I attended the first football game of the season and it was really fun. There were so many people!  I have never experienced a typical American college football game conducted on such a large scale. As an eager participant, I purchased a Duke t-shirt to fit in with the other students. There was a lot of cheering, standing, dancing, and eating pizza that day.  I have also attended several theater and dance performances at Duke.

To escape from the stress of college, I often find solace in the Sara P. Duke gardens. The abundance of nature --  flowers, trees, wildlife and fountains, is very calming and peaceful. I usually turn my phone on silent so I can be one with the earth.  It is in these gardens that I can re-center and focus on my short term and long-term goals. I can take a moment to relish in the magic of new beginnings and the refreshing commencement of a new journey. I am grateful for the opportunity  to continue working on myself and uncovering new parts of me.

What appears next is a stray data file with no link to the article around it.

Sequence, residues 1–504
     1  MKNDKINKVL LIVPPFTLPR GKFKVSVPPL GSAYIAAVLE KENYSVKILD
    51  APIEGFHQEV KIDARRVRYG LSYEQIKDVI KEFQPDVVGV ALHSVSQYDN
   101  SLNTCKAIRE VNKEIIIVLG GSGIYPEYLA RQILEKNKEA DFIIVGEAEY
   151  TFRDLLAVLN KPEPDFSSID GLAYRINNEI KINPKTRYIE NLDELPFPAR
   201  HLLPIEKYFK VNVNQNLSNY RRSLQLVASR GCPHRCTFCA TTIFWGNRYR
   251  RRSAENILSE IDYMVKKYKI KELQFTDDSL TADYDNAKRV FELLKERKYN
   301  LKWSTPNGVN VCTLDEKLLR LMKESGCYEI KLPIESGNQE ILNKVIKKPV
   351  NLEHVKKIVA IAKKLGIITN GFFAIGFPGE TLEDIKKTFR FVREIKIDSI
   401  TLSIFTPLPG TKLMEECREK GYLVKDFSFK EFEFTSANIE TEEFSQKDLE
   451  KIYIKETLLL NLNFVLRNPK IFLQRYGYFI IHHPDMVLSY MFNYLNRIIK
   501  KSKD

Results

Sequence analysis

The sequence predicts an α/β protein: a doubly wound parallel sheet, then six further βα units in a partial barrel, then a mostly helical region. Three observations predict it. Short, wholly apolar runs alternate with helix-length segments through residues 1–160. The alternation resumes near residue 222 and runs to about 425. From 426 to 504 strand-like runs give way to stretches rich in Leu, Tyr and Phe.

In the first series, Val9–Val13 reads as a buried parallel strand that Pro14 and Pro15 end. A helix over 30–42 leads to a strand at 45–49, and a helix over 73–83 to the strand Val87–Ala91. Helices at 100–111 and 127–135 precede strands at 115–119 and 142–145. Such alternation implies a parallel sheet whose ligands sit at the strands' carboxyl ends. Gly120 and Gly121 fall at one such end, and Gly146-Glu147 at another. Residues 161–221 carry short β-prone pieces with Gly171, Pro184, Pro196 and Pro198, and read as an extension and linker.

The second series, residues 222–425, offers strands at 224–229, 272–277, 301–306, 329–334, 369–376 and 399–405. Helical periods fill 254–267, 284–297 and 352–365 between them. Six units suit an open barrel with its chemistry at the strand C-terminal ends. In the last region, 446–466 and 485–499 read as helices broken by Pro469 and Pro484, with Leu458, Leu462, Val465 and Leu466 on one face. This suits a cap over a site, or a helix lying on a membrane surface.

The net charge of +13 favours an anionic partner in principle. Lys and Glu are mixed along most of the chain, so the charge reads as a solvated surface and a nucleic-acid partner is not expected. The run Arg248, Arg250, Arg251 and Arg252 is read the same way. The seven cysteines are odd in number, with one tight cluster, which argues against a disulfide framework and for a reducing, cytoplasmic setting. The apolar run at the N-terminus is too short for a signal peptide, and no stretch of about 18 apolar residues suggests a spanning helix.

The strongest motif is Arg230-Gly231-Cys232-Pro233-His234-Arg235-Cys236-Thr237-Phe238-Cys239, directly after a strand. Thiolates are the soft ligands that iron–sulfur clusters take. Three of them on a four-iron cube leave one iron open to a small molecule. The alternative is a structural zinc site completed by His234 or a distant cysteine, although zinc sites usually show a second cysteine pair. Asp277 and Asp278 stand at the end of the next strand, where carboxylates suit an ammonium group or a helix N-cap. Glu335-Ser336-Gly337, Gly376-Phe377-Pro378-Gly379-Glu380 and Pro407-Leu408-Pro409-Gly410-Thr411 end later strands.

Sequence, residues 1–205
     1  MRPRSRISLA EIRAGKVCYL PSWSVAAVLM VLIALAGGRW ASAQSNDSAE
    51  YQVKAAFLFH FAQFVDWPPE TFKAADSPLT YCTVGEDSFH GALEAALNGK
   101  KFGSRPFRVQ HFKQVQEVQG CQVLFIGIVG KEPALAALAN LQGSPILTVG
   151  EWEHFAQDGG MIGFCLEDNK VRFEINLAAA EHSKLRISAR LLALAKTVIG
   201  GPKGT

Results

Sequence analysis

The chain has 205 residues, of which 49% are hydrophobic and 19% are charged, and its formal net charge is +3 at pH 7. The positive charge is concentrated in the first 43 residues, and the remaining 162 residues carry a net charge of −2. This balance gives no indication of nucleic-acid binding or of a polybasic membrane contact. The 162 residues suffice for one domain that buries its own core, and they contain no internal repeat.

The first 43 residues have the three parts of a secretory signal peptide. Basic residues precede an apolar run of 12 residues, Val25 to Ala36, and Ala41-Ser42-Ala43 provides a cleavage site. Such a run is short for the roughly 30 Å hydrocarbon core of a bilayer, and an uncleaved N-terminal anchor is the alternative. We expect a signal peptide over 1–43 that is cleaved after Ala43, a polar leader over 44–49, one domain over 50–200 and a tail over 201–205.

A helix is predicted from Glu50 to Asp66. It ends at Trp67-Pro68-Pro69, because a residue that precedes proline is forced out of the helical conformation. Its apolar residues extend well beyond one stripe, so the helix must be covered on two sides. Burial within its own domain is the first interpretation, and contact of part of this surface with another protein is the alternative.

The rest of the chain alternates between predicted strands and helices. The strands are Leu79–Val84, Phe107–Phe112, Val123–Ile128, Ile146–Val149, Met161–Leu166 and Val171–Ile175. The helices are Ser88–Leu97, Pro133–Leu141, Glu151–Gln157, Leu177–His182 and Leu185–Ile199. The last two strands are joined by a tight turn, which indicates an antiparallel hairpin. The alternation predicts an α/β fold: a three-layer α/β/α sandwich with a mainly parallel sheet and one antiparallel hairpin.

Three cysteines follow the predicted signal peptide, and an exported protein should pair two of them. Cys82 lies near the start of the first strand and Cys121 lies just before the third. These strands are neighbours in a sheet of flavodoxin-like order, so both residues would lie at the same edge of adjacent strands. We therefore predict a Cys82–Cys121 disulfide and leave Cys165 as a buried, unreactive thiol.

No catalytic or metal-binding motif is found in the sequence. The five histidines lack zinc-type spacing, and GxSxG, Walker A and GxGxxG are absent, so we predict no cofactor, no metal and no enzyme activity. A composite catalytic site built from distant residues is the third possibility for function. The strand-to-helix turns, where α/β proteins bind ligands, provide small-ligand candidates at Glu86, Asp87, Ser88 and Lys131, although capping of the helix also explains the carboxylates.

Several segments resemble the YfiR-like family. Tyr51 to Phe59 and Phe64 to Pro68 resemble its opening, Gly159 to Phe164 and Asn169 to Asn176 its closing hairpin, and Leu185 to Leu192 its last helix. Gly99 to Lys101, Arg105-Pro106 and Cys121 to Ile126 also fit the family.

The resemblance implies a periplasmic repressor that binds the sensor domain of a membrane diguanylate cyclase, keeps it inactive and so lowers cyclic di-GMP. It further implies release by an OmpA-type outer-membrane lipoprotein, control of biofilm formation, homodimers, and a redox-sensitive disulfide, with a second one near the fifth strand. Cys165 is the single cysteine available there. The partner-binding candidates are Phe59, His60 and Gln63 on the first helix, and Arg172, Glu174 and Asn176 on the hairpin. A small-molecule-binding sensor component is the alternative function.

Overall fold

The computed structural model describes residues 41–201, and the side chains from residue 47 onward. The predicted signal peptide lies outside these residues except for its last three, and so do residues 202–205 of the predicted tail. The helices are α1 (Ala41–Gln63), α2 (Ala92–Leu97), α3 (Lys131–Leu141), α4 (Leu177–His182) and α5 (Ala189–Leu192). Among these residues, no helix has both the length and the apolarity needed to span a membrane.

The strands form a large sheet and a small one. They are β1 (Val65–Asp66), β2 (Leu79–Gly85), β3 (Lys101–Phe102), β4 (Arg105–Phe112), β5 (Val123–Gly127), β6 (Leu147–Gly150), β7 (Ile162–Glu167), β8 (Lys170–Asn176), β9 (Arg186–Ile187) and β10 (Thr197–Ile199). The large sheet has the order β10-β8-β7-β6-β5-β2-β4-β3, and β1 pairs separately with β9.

Terri O'Neal Domesstic Exhange
Terri O'Neal Domesstic Exhange